The virtual nature of their relationship was a deliberate effort on Kafka’s part: his allegiance was to writing, and the love he felt for Bauer was constructed entirely in writing, the content and frequency of which he could control.
Reticent or eager, the internet age has made writers of us all, and even if most of us are bad ones, we gather up the small prizes of making ourselves and our virtual crushes look better than we are. Yes, our lusty, emotive missives likely lack the incandescence of Kafka’s prose, but his indulgence of a romance restricted to writing gives email love a useful literary genealogy.
Kafka’s fiction has bestowed us with the adjective “Kafkaesque”, pointing to the intersection of the perverse and the grotesque woven into the banalities of modern life. Kafka’s love letters suggest another dimension for the term: that incongruity between who we are and who we want to be, between our desire to share our inner worlds and the fear of experiencing the consequent vulnerability that such exposure would bring into our “real” lives.
Connection and isolation each have a cost. Virtual worlds, like letters of old, provide a partition between the two; enabled then by the postal service, and now by digital technology.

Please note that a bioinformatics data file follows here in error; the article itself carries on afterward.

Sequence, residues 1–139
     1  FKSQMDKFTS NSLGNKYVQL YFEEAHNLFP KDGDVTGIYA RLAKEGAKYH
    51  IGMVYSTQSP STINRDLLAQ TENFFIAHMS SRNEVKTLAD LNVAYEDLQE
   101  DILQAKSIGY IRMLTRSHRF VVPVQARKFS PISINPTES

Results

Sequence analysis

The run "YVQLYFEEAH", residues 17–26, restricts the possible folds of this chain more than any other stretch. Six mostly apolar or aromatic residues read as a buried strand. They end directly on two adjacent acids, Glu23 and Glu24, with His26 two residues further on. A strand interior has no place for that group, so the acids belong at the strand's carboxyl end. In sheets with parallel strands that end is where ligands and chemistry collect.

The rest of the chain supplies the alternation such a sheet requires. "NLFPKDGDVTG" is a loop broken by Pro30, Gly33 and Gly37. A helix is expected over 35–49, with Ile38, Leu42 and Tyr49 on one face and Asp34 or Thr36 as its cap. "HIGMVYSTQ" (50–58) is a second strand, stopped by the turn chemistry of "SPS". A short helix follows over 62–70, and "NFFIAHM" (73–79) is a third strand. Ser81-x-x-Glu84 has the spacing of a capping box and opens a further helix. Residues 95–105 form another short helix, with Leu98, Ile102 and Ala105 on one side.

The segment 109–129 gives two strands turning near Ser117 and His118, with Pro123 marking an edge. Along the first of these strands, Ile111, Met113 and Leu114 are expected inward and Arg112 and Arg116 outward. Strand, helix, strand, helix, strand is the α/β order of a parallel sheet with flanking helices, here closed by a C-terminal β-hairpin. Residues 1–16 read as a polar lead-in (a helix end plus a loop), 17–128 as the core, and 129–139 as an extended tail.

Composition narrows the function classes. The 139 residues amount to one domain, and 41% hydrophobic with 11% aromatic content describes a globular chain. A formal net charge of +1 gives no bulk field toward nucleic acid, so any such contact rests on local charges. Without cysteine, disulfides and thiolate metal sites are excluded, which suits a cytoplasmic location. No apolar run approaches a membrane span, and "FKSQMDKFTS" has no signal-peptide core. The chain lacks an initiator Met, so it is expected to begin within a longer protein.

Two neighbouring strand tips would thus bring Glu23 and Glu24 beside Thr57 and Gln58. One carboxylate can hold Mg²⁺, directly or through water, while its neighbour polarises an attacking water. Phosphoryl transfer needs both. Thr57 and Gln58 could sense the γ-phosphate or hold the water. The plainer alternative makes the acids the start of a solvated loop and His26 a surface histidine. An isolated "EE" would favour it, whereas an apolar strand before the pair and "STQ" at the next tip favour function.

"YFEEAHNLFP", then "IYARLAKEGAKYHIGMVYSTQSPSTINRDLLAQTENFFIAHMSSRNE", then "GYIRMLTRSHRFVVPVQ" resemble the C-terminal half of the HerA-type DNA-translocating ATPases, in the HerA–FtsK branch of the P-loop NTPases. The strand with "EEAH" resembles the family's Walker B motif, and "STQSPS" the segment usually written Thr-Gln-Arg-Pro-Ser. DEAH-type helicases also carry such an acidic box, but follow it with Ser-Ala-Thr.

Partition, however, is not intersection. In his romance with Felice at least, Kafka found no possibility of merging the two.
The intimacy that existed on the page did not translate into attraction in reality. By the time the first engagement was broken, too much had been shared, even if only by letter, so their writing to each other continued regardless.
But by the second engagement, Kafka and Bauer were conclusively forced apart – Kafka’s diagnosis with tuberculosis in 1917 had dashed any prospect of marriage.
In his final letter to Felice, he wrote: “If we value our lives, let us abandon it all. I am forever fettered to myself, that’s what I am, and that’s what I must try to live with.” This was not the end, however, to his penchant for the virtual affair. Kafka wrote his first letter to Milena Jesenska, his subsequent love, in 1920.